A Clean Mouth for a Healthy Pregnancy Wednesday, October 9, 2013 @ 11:31:14
Considering the Dentiform office is expecting a new (nappy wearing, dummy sucking) addition in January, I thought it poigniant to look at oral hygiene when it comes to pregnancy and how not looking after your teeth and gums can lead to big problems during (and perhaps after) those seemingly endless 9 months.
According to a recent study published by the Journal of Periodontology, gum disease, also known as periodontal disease, or the inflammatory chronic condition that attacks the gums and bone around the teeth, can lead to premature labor and a low-birth weight.
A lot of mothers don't realise the importance of regular checkups at the dentist, both for their personal health and the health of their baby. Brushing and flossing make up such a simple and small part of our daily routine, yet they are not something to overlook. They help keep a clean mouth, and maintain a healthy pregnancy for women.
Even though there's a million and one other appointments to make and remember to actually go to when you're pregnant, it's as simple as this: periodontal disease can be avoided with regular trips to the dentist.
Did you know, something like 60% of women say that they never visited a dentist during pregnancy, according to data from the Pregnancy Risk Assessment Monitoring System. And 35% percent said they did not have a dental visit within the past year.
All of these factors may harm a mother during childbearing.
Getting things straight.
Preterm birth can be defined as a delivery earlier than 37 weeks gestation, while low birth weight is considered anything less than 5.5 pounds. It is important to note that not all preterm births result in an unhealthy child, yet they undoubtedly factor in.
What are the specific problems associated with early pregnancy?
Going into premature labor can have serious neurological repercussions for the child, including vision and hearing impairment, chronic lung disease, cerebral palsy and developmental problems. It can even be fatal for some babies. Preterm birth is one of the leading cause of neonatal mortality.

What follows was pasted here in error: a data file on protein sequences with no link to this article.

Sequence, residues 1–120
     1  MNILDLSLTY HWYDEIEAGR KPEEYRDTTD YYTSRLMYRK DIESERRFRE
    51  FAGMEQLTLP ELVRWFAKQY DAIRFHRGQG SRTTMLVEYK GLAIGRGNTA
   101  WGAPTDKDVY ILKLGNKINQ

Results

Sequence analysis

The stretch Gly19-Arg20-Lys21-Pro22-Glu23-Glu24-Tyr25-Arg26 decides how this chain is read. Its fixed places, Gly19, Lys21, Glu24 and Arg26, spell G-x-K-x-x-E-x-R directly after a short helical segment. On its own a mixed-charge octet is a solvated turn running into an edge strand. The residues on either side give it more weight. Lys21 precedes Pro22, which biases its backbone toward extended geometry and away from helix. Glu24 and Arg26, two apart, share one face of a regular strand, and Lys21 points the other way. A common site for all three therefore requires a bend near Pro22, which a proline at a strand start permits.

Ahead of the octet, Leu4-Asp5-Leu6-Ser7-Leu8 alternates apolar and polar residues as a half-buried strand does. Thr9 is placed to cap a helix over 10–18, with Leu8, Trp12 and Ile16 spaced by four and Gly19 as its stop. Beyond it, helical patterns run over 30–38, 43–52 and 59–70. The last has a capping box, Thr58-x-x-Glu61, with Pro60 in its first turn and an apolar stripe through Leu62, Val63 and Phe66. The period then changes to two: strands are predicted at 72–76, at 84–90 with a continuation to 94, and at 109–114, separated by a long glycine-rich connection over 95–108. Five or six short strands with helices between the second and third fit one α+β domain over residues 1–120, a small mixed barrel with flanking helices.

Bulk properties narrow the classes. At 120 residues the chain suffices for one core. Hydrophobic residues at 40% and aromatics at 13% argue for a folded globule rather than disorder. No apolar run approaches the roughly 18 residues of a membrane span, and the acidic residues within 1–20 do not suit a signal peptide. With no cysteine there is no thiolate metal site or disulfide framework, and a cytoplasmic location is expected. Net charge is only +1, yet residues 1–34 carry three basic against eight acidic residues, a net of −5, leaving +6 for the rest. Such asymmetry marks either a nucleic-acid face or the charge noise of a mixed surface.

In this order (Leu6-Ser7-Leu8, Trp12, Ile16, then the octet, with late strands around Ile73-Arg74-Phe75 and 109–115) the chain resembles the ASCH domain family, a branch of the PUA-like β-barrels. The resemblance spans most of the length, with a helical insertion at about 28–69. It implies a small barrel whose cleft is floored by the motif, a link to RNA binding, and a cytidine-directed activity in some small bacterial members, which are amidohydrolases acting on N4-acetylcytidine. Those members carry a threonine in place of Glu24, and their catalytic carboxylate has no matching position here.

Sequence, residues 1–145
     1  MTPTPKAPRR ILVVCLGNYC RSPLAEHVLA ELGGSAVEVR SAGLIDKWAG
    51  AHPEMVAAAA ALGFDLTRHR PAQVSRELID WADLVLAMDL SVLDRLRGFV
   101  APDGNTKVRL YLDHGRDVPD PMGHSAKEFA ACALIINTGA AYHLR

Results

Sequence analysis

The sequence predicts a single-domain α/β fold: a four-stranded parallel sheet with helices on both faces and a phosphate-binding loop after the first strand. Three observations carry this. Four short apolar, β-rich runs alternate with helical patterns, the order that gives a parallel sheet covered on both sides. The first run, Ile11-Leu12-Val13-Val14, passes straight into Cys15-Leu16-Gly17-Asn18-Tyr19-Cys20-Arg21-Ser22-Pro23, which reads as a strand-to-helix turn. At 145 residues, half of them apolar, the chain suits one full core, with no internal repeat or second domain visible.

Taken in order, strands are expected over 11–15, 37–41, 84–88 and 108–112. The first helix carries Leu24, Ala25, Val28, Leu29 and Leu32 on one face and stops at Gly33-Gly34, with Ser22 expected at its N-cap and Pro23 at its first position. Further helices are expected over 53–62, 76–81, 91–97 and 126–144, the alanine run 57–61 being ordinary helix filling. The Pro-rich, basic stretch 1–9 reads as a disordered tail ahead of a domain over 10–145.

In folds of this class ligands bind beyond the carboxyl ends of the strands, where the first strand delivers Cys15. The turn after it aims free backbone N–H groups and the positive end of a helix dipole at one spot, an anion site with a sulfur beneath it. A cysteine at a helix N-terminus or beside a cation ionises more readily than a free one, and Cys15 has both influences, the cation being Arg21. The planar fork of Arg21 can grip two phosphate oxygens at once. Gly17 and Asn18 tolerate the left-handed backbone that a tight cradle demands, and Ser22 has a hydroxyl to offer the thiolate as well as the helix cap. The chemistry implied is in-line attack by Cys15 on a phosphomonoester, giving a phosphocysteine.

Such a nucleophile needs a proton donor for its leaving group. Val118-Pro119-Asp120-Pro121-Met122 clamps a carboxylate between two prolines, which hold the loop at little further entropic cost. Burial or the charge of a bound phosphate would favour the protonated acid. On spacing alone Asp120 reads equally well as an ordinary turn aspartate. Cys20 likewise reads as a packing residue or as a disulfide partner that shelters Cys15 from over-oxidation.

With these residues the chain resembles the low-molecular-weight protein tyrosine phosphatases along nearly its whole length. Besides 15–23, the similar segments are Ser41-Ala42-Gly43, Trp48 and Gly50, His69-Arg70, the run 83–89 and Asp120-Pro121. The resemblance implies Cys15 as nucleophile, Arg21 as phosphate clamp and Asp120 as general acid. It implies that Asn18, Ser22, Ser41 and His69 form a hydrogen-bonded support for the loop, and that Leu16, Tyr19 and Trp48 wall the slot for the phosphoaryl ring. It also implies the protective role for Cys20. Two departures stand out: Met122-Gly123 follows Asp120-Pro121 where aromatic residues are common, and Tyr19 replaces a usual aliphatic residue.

Let's break it down. All nutrients a mother consumes are shared with the baby she is housing. So, if Mum has bacteria buildup or an infection in her mouth, those circulate into the bloodstream of her body and get absorbed into the body of the baby.
Avoiding preterm pregnancy.
Again, an irritable or a receding gum line may be one of the first signs of gum disease. This process can often be hard to identify because it occurs so gradually. Yet, for mothers, the high acidity levels in vomit during morning sickness tacks on additional harm to teeth and gums, as it can corrode teeth enamel and worsen the health of gums.
Pregnant women should ask themselves these easy questions: do you have swollen gums, problems eating or chewing food, a toothache or any other issues with your mouth? And, crucially, when was your last visit to the dentist?
If the second question takes a few seconds of staring up at the ceiling racking your brain to remember, than it's likely time to schedule an appointment. At this point, it is not only about you, but the wellbeing of the baby.
What do dental professionals advise for expectant mothers?
Brush teeth at least twice a day with a toothpaste that contains fluoride. Floss daily. Most of us do the first part but skip out on the flossing. Unlike using a toothbrush, flossing is meant for interdental care, and can get in between teeth to remove plaque that can lead to gum decay.
-- Choose water instead of carbonated beverages during pregnancy. Water helps wash down food particles and clean out the mouth.
-- Avoid excessive snacking and eating sugary foods in between meals.
-- Chew sugarless gum after eating, it helps decrease acid levels in the mouth.
For expected mothers, good oral health and good physical health should be solidified as one and the same. Everything is shared between a baby and the mother, and at the end of the nine months, maintaining a clean and healthy mouth will put a smile on your newborn's face.